I’m No Mommy Blogger

I’ve spent years online, writing and networking for one reason or another.  Over that time, I’ve built a large network.  I used to think that network was just to get the word out about my books, but I was wrong.  When I couldn’t write books because I was too engrossed in surviving and then just living, I blogged about it.  A friend of mine kept trying to encourage me to start “Mommy Blogging” (this was years ago).  That phrase felt like a round hole to my square peg.

What did I know about mommy blogging?  I wasn’t one of these wealthy, stay-at-home, Eddie Bauer moms who lived to take their kids to soccer practice.  And when I left my husband because I couldn’t have my children growing up thinking that our marriage was a healthy one, what did I have to offer all these well-adjusted mommies about mothering?  So that title didn’t draw me in.  I didn’t even try.

Blogging for Kicks

When I did blog, I blogged for kicks about things that affected or interested me:

  • My newfound joy in baking Ezekiel Bread at home out of financial and physical necessity.
  • Hot guys with guns who inspired stories I’d write someday.
  • Recipes I created with tequila or sugar-free recipe alternatives.
  • Books I read and movies I watched, some I enjoyed and others I didn’t.
  • Adventures (and misadventures) in homeschooling my kids.
  • My continuous struggle with living a healthier lifestyle and my attempts at losing weight.

Most of the time, I didn’t feel worthy enough to post blogs on any of these topics.  Who wants to read about my stumbles and missteps and dreams that may or may not come true?  I don’t have happy, joyful days every day and people won’t want to read the raw realities that I might write about.  And what if they just criticize me when I’m down?  What if they think I’m bragging when I’m up?  These are all thoughts I had about blogging what was actually going on in my life.  These were all my fears, beating me up every day.  So I didn’t put myself out there.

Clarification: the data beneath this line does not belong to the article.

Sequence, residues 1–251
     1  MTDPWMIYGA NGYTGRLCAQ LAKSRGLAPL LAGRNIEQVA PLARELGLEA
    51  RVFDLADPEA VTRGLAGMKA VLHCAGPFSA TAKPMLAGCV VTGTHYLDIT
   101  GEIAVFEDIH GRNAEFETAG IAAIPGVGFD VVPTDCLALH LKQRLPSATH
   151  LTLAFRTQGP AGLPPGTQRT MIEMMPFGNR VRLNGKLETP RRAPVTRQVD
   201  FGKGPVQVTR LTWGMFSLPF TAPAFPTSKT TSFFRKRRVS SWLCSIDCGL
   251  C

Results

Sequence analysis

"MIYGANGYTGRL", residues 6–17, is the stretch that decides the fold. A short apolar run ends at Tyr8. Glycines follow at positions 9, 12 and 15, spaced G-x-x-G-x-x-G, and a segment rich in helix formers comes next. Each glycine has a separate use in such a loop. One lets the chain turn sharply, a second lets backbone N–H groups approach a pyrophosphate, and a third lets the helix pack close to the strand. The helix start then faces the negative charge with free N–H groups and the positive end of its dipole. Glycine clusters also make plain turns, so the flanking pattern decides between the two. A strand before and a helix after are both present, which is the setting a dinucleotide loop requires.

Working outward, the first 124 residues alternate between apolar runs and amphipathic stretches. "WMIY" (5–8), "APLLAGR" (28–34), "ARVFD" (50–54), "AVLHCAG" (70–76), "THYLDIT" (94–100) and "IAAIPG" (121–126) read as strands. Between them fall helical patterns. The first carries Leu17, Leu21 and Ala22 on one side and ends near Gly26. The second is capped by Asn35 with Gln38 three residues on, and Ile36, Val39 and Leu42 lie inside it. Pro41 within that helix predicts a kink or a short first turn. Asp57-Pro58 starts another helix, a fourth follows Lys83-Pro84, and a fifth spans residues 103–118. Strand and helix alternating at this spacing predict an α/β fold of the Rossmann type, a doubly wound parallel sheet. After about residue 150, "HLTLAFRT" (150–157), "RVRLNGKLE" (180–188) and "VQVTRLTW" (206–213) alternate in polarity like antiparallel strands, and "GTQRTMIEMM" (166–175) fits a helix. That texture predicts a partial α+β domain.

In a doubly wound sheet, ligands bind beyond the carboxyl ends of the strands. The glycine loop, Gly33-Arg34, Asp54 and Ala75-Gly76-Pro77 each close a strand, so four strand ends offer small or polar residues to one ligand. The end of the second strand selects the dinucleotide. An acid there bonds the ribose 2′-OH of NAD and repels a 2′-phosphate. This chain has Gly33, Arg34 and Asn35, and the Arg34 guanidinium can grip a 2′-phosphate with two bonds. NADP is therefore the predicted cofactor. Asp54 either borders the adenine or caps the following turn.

Funny thing is, when I did occasionally find the strength to write the raw realities, I did get criticized, but I also got ten times more of that in support, praise, and camaraderie.

It was like cliff diving on a hot day.  It takes forever to get up your nerve to jump.  You spend all day sweating on the rock.  You finally decide to jump and you practically piss yourself in fear on the way down because it takes SO LONG.  Then you land in the cool water below and it is glorious!  Then you surface only to find the sun has gone down.  The next day you get on that cliff to do it again and realize you’re just as scared and it takes you just as long as the first time.

And you call yourself a chicken, go home, and eat a cookie. 

The Evolution of a Lifestyle Blogger

Over the years, and much more recently, I’ve been reading more and more lifestyle blogs.  These people don’t have perfect lives.  They have kids with allergies, tiny budgets, homes that need fixing, muffin tops, dogs that vomit, dreams that haven’t come true and more.  But they’re trying and they’re blogging the realities of their lives.

And they’re brave.

I want to be brave.  I’ve met more than my fair share of challenges in life.  Most times, I’ve thrown my shoulder into them and pressed on quietly.  These are the experiences that built character (but not much fortune).  Well, if I’ve got all this character stocked up, I might as well throw my shoulder into writing about these challenges.

I always say: If you’re going to growl, be a bear.

So here it is.  I won’t just be writing about my books or social media.  I’m switching gears and I’m going to exercise my writing muscles to write about the challenges, the roller coaster of life.  I may get some criticism, but maybe some of my reality will help someone else face theirs.  If I can do that for just one person, it’ll be worth it.